Andy Dean is the CFO of Eden Futures, a social care provider that supports 675 service users with autism, learning disabilities, and mental health challenges to live independently. He recently sat down with Soldo on our podcast ‘The CFO Playbook’.
We talked to Andy about the cost pressures that come with being publicly funded, the political aspect of being a CFO in Social Care, how to help carers do their best work, and more.
In this blog, we’ve summarised three key takeaways from our discussion with Andy that Social Care finance leaders won’t want to miss out on:
Eden Futures is 100% publicly funded by a combination of local authorities and the NHS. This means that they feel the pinch when there are changes to government policy.
“The years of austerity definitely increased the pressure on costs and pricing,” Andy explains. There’s pressure being applied on NHS trusts and local authorities to strictly monitor costs and secure “bang for their buck”.
For Andy, this pressure can be managed through effective storytelling. A local authority might initially baulk at a figure on a spreadsheet, but providing the context behind these numbers makes a big difference.
“It’s vital that we can quantify and demonstrate how we help local authorities and the NHS cut costs,” he says. “We always explain that our success story is that a service user needs less support from us.” For example, someone who once needed 24-hour care now only needs support for 4 hours a day.
Using data to demonstrate this reduction in the hours of support required is what keeps cash-strapped local authorities and NHS Trusts coming back to Eden Futures. In addition to improving their quality of life, service users being able to live independently also lowers costs.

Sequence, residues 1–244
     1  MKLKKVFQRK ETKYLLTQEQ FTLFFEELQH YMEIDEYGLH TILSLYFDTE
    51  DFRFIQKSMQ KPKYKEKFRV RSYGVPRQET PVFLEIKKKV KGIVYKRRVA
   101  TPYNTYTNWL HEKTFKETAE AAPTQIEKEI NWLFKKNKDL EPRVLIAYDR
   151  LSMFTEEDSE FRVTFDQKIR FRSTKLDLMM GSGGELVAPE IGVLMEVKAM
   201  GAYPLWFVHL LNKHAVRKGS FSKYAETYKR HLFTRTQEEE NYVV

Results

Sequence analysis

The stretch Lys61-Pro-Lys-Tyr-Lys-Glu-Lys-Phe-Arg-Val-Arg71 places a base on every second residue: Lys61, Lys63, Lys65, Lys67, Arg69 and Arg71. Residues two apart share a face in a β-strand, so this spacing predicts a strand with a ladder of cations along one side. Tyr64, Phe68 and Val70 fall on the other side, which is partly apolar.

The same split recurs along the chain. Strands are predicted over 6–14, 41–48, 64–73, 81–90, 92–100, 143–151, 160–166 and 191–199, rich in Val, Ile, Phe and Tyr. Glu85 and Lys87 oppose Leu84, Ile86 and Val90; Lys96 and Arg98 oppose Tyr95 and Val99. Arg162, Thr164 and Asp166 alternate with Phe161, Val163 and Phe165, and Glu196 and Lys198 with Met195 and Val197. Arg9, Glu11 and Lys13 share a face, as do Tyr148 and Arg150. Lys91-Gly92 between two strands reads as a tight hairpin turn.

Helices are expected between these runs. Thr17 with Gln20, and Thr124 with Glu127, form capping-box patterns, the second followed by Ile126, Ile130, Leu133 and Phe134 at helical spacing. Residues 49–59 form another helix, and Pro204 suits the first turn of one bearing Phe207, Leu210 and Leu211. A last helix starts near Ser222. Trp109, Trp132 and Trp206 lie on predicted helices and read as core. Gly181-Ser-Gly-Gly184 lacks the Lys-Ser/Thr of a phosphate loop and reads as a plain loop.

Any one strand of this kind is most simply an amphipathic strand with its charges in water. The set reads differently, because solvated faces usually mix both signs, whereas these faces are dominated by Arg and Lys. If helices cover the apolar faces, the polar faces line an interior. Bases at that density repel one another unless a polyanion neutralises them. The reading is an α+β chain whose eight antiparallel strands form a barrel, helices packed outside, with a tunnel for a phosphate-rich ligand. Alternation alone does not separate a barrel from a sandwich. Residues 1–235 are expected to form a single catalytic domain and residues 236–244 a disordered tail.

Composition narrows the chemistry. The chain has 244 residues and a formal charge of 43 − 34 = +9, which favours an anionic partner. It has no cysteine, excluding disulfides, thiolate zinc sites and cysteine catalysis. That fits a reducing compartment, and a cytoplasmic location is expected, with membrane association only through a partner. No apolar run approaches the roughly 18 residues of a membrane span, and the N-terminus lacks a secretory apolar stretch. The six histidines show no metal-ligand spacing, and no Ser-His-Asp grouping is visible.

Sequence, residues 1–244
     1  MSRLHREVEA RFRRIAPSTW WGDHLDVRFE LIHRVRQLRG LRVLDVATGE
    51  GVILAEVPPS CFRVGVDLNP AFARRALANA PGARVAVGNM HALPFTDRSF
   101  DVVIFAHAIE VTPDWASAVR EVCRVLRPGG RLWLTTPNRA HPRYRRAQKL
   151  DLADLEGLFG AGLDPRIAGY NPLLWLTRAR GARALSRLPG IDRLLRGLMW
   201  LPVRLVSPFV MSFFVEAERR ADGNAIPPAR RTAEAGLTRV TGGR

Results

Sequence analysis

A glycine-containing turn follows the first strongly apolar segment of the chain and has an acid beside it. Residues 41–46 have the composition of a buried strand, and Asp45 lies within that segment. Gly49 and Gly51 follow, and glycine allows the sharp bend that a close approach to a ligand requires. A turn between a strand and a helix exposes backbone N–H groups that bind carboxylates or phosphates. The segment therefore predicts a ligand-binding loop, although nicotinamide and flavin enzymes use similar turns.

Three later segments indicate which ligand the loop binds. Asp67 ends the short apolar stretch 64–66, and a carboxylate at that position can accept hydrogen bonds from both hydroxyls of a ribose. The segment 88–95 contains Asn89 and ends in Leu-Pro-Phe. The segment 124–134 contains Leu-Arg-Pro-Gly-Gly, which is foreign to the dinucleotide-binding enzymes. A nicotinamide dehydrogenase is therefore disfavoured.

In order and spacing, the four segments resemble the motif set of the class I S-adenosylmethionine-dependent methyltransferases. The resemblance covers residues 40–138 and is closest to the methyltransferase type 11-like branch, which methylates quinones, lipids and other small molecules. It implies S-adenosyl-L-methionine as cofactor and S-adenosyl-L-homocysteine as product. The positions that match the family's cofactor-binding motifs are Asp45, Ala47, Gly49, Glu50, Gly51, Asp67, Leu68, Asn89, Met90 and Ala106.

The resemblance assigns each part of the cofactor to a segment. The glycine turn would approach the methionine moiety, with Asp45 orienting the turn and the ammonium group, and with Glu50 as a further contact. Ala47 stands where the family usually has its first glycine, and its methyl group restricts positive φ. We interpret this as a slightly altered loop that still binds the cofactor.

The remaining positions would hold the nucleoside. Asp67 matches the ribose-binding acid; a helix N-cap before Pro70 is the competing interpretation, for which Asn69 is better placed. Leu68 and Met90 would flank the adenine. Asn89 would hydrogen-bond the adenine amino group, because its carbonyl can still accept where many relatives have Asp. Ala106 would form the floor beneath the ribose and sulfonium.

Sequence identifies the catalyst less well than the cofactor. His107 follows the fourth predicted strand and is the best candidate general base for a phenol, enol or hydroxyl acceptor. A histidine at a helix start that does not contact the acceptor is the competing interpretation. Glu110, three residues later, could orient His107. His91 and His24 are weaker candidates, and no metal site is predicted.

Social Care, as a publicly funded good, is impacted by politics and policy changes. This means that keeping abreast of what’s going in Westminster is part of Andy’s remit.
Eden Futures, he explains, wants to hit the ground running in the event of a change of government. It’s easy, given Social Care’s many intricate challenges, to focus on what’s in front of you. But Andy cautions that finance leaders should already be thinking about the likely outcome of next year’s General Election.
“At the moment we are looking at what the Labour Party’s policies are in this area since we’re realistically looking at a change in government next year. It’s vital that we’re aware of what’s happening and that likely events are factored into our plans and our risk models.”
What are the main parties saying about Social Care, and what impact can it have on you and your service users? “CFOs in Social Care should cultivate a keen interest in society and politics,” Andy says. Not as a hobby per se, but as an essential component of the job.
When Andy made the jump from KPMG to the Social Care sector, it was a decision guided by ambition. “I wanted to make CFO,” he says candidly. But a decade later, he found the work of a Social Care CFO to be far more mission driven.
“Care is such a powerful topic. Everyone you speak to can relate to it and relate to having someone in Social Care. That’s what I love about it, my work as an accountant touches so many peoples’ lives.”
Andy isn’t only driven by making a difference for service-users, he’s passionate about supporting care workers too.
“From a finance team perspective, our aim is always: let’s get paid workers paid correctly and on time. We want to make their lives as easy as we can, so they can focus on the most important part of their jobs: delivering care.”
One way to do this is the intelligent use of technology. Many routine tasks – like expense management – can be automated. The impact is two-fold: less admin for Social Care finance teams and faster reimbursements for care workers. With a solution like Soldo that combines easy expense management with prepaid cards, social care providers can even do away with out-of-pocket spending altogether.
Make sure to listen to our full discussion with Andy Dean, <on Spotify> or wherever you get your podcasts. Until then, remember Andy’s key lessons from 10 years as a Social Care CFO:
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